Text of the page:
The interpretation of a cyclical history echoes a statement by the current Brazilian president who has proclaimed his sympathy for torture practices. Some practices of obtaining confessions by means of physical or psychological pain employed during the Military Dictatorship of Brazil and during the enslavement appear next to historical icons form art and politics or representations of a Brazil of exuberant nature. Some watercolors bring QR Codes, leading to additional online content. The internet, and especially the smart phone applications, were vehicles for the narratives that permeated the last presidential elections in Brazil and are, for Peters, the terrain where the works are completed.
In addition to the historical connections present in the watercolors, Guilherme Peters reflects on the current friction between the executive, legislative and judiciary powers in two installations. On the façade of Vermelho, the artist presents ‘Three Powers’ (2019), a drawing made with barbed wire that overlays three empty cubes. In Room 1 of the gallery, ‘Penalty’ (2019) proposes a possible football game, with a goal painted on each of the walls in the room. The available ball, however, is made of solid cement.
The work ‘Negative of the act’ (2019) is divided between rooms 1 and 2 of the gallery. The title of the exhibition was engraved on an iron plate, using oxidation from acid baths. The plate was then used as a matrix to print, also with iron oxidation, a canvas with the "mirrored" phrase. "Forget the crises, go to work" was a phrase used by President Michel Temer when he assumed the presidency after the process of impeachment that removed Dilma Roussef from the executive's command in the middle of her second term. Temer said he got the phrase from a billboard at a gas station and used it as an informal slogan for his government hoping the mantra would help reverse the country's "climate of crisis". A Brazilian journalist located the author of the billboard and owner of the gas station in the town of Guareí, in the state of São Paulo where he had been arrested and jailed for a murder conviction after killing a man. João Mauro de Toledo Piza was also accused of selling adulterated fuel at the gas station that inspired the president.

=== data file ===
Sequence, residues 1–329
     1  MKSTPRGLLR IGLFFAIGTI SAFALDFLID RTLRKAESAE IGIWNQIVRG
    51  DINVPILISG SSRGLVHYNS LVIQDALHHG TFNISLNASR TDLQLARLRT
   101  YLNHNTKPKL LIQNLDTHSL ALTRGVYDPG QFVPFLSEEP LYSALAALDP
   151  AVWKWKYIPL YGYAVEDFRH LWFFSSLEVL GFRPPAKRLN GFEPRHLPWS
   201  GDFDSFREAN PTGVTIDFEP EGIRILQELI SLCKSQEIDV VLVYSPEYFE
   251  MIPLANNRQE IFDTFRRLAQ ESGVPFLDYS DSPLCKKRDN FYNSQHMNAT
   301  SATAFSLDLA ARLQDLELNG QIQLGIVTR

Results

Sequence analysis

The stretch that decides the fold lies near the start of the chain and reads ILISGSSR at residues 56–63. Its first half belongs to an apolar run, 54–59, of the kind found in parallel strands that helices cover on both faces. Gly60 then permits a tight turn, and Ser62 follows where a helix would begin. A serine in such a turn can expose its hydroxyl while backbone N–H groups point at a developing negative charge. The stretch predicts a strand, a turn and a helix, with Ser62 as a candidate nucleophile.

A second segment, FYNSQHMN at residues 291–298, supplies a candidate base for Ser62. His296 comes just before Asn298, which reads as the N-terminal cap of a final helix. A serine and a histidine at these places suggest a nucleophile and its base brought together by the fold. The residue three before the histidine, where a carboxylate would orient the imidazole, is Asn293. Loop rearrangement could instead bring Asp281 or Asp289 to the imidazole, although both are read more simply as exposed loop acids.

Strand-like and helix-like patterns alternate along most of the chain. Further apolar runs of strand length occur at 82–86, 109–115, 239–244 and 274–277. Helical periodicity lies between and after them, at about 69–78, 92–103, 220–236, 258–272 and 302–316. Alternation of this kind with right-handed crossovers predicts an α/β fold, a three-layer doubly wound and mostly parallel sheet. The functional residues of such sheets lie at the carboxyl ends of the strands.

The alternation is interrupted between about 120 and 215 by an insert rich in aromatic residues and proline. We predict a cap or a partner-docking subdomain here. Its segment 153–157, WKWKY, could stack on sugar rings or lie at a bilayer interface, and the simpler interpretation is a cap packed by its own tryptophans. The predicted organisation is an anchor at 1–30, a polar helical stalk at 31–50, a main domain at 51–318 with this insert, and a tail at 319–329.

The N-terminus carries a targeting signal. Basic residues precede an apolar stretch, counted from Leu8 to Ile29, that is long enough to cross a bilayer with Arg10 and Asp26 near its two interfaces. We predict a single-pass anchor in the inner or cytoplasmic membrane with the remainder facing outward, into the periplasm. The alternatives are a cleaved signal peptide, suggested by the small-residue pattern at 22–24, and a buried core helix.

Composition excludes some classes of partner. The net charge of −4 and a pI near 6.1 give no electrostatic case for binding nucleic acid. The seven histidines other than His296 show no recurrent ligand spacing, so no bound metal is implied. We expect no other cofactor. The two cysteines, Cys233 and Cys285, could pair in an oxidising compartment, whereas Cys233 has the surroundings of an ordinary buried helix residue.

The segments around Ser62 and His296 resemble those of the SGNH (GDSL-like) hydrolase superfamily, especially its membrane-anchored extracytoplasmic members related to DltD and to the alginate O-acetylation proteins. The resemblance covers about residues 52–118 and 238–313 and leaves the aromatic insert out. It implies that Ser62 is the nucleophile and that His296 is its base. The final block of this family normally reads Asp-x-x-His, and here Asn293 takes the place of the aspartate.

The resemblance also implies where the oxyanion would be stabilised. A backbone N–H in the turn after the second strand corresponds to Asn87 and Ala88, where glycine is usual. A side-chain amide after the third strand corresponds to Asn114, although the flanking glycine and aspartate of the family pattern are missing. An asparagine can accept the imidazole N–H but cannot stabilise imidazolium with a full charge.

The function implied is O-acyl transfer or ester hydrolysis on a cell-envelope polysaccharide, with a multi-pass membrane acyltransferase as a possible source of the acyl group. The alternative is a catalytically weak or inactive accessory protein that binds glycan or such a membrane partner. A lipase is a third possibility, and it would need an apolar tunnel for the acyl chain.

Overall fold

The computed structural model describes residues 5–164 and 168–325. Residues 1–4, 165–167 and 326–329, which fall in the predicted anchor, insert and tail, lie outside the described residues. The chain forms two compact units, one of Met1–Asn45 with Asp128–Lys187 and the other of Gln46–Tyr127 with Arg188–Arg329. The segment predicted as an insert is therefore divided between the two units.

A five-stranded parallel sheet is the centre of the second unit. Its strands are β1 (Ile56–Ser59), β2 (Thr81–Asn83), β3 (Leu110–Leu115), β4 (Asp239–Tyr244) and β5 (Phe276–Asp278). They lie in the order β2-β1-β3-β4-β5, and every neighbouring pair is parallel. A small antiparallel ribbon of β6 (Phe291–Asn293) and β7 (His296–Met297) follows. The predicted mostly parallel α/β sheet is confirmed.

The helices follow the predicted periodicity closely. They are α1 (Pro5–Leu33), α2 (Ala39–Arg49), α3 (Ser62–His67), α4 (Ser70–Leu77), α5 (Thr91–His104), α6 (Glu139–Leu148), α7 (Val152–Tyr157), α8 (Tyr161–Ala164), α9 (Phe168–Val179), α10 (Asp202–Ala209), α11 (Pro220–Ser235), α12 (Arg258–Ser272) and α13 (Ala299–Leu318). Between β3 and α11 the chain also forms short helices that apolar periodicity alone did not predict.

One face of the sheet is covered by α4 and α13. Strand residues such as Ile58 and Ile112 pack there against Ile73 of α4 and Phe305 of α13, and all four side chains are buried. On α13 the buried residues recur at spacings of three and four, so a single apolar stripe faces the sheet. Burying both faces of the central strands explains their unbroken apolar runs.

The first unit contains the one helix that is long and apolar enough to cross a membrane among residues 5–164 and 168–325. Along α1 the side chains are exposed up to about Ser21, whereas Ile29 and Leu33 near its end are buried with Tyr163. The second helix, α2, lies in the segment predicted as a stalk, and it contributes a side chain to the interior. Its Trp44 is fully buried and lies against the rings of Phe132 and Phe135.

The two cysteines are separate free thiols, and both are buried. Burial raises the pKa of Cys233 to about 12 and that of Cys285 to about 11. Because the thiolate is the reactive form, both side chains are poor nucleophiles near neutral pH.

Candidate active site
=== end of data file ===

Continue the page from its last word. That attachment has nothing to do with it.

'Portrait of the president' is organized as an exercise in live model drawing: one person poses, another one draws. The person who poses, holds a police bat, wears a suit, the Brazilian presidential sash and a leather mask restricting his vision. The one who draws is seated in front of him at a table with his hand tied to a rope that passes through a pulley. He holds the weight of a military helmet filled with cement and wears a leather mask with a built-in microphone which captures and distorts the sound of his breath. The two masks are attached by a rope that passes through a system of pulleys that connects one person to another, causing the movement of one to influence the movement of the other. Throughout the action the person who is drawn beats with the bat on the table, being able to strike the hand of the one who draws, who continue drawing the one who hits him. Thus, the drawings are deformed in the course of the action by the rope system and also by the blows suffered on the hand that draws.